The prevalence and risk factors of sleep problems in pediatric oncology: its effect on quality of life during and after cancer treatment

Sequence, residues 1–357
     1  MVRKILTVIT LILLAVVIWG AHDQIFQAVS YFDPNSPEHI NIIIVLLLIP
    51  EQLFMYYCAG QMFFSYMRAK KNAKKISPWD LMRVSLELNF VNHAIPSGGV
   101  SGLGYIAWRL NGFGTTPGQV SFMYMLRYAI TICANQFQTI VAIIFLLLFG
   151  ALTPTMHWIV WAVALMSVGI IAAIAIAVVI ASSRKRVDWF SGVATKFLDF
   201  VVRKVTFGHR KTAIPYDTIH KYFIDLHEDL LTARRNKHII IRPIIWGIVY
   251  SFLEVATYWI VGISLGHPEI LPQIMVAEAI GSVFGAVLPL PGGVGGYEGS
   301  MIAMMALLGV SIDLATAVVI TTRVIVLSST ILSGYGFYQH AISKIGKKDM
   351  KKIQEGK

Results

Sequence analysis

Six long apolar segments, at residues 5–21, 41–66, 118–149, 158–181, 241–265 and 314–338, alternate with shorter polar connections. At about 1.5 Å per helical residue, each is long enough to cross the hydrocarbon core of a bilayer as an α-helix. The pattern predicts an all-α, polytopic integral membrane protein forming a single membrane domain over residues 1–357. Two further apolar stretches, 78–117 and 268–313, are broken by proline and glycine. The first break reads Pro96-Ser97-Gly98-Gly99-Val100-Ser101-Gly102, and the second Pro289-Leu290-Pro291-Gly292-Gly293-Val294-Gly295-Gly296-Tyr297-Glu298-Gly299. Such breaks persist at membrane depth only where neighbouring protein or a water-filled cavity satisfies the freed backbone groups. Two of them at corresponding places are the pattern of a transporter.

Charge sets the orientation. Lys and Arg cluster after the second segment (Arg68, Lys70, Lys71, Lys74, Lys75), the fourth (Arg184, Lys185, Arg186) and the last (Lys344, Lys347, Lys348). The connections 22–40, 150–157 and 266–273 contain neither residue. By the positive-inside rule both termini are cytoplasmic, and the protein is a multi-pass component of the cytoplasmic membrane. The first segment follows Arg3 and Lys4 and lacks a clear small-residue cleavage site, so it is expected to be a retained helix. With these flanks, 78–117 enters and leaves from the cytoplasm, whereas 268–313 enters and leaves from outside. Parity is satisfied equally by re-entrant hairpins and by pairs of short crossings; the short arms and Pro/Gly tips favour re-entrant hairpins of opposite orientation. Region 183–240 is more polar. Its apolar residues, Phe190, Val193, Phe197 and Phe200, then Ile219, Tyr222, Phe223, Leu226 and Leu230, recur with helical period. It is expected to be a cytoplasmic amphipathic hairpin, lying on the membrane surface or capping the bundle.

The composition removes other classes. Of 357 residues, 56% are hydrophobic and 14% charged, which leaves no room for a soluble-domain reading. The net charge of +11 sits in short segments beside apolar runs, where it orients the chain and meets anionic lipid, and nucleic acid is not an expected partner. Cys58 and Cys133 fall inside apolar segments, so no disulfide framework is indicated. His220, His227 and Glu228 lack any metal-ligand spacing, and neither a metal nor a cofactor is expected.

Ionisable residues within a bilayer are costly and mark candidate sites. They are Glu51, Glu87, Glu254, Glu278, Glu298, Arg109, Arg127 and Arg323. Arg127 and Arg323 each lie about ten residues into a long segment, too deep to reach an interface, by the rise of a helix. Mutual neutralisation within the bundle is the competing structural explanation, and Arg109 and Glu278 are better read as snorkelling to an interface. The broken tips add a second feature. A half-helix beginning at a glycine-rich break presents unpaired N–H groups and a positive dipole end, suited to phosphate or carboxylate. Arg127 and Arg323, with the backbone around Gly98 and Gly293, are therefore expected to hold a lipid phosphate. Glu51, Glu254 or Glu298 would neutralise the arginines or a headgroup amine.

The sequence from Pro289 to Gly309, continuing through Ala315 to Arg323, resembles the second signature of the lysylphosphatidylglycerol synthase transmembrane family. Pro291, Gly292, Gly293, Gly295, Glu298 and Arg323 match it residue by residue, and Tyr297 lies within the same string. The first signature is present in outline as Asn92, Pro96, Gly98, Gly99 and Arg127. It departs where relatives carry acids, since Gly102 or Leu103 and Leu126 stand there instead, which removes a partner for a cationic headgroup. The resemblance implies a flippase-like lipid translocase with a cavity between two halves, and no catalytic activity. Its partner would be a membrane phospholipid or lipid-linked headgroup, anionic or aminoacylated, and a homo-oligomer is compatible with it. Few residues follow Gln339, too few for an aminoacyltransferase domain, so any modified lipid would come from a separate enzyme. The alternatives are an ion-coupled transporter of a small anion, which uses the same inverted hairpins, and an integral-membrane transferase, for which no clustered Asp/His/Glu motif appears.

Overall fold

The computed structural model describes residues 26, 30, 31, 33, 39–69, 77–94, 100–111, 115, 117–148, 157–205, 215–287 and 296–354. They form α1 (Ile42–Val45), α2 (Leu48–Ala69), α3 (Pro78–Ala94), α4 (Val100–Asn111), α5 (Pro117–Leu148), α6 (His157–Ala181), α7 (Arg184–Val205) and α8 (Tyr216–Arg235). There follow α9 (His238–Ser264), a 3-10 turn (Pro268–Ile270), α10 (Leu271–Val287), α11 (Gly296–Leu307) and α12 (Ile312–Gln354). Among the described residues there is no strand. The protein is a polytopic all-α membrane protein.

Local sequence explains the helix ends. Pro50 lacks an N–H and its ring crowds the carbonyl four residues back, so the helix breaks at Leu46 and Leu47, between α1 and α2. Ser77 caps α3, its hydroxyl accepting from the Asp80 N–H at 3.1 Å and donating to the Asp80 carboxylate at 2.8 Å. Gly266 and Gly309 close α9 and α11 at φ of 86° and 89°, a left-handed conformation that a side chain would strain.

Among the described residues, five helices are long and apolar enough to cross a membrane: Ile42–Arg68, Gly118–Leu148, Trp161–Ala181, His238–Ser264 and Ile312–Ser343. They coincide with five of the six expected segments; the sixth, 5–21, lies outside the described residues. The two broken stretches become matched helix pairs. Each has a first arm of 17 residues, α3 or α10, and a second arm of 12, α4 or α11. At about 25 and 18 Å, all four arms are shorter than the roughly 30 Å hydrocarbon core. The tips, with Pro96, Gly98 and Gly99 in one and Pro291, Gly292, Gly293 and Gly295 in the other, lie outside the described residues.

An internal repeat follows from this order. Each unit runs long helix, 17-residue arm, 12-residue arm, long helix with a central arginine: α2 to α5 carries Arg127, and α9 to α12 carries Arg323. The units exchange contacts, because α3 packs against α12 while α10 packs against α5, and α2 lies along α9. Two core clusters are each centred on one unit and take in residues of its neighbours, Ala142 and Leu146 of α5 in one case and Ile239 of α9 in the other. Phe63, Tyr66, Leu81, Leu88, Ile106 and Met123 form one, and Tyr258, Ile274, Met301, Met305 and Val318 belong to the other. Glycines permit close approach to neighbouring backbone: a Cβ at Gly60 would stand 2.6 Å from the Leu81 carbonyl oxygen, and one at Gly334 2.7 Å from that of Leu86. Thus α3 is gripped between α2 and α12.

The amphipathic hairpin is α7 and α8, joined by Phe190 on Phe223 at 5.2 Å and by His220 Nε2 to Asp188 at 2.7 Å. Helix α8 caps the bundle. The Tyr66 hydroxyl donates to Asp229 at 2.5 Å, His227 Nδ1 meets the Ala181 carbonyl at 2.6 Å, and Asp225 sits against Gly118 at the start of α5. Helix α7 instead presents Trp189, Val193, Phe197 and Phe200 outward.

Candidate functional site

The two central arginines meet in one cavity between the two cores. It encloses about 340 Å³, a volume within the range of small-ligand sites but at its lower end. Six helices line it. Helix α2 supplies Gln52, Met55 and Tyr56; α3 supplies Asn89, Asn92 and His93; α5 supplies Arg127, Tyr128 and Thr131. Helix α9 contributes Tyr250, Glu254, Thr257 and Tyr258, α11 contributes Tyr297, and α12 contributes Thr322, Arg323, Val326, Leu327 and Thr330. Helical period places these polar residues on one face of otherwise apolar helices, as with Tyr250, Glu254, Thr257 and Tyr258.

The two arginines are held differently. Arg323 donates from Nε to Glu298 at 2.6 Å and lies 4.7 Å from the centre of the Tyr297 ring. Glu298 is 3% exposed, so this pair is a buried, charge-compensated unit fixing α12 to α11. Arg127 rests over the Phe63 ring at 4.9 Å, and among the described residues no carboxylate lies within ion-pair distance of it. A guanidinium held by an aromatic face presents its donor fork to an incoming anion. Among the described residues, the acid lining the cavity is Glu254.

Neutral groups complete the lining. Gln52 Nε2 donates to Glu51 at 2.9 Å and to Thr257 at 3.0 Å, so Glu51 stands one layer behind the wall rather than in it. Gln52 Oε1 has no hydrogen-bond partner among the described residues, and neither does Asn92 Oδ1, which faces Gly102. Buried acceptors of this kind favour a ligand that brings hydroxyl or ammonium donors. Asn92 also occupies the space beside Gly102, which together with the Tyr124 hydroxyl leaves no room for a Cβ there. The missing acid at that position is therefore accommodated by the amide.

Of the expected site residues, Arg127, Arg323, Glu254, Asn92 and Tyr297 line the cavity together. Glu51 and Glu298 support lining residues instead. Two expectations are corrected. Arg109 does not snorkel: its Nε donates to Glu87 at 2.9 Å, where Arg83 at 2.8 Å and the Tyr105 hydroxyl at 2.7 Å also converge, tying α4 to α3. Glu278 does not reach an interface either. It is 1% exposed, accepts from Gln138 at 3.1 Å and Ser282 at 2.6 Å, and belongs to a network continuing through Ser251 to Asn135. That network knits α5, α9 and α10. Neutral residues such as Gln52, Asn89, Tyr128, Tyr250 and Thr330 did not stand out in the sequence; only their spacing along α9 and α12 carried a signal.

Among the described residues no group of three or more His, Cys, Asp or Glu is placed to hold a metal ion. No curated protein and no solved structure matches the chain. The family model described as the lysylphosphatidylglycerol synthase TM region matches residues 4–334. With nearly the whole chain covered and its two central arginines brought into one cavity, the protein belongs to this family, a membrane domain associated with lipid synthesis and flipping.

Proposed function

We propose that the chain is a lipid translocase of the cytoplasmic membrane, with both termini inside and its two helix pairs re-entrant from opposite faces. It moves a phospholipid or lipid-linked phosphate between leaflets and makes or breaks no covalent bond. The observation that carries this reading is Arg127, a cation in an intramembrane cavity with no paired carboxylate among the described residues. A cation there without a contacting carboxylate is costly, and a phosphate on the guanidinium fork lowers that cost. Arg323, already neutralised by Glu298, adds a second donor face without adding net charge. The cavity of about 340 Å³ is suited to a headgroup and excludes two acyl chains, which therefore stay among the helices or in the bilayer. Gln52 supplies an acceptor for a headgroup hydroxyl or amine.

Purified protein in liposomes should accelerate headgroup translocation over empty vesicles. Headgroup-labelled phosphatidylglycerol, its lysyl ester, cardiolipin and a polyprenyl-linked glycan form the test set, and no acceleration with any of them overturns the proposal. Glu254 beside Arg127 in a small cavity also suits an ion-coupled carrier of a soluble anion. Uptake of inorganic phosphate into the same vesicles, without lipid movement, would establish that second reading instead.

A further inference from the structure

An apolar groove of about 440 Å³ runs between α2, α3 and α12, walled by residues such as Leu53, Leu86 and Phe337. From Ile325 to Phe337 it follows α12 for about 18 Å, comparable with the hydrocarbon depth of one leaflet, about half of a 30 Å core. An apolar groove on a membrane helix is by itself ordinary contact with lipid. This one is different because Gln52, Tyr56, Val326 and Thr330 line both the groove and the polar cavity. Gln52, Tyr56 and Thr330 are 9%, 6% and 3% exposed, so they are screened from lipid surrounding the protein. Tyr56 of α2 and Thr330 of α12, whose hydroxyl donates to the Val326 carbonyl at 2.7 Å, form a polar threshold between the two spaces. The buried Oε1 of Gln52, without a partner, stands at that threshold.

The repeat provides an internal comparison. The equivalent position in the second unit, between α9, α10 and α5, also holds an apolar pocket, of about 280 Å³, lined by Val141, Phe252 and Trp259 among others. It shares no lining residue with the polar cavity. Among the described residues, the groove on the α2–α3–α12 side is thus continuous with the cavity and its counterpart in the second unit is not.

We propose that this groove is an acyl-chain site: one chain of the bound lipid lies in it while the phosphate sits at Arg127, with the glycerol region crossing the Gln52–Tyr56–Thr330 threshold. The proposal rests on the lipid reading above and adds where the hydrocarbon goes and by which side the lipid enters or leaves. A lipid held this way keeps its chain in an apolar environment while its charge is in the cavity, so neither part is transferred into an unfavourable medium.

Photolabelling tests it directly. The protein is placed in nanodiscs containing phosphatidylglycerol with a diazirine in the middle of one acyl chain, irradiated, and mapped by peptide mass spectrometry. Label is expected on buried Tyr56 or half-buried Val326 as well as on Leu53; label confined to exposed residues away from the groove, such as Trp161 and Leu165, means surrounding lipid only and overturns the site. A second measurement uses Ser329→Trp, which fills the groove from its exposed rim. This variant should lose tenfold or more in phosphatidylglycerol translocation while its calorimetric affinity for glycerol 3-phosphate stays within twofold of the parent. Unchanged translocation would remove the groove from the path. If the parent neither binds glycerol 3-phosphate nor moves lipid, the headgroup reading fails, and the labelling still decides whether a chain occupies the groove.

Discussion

<p>This review aims to describe the prevalence, types and risk factors of sleep problems in children undergoing cancer treatment and in childhood cancer survivors. Furthermore, the relation between sleep and quality of life (QoL) was described. In children undergoing treatment sleep problems were more common compared to norms and controls. In survivors results were more inconsistent and in some studies even less sleep problems were reported. In both populations various sleep problems were reported (such as night awakenings, bedtime resistance, and daytime sleepiness). Several demographic, disease and treatment related factors were associated with sleep outcomes. Impaired sleep was associated with poorer physical, psychosocial, and cancer-related QoL. Sleep was assessed with a variety of measurements, all measuring different sleep constructs, limiting the formulation of generalizable conclusions. Therefore, a standardized way to assess sleep in different age categories in pediatric oncology is mandatory.</p>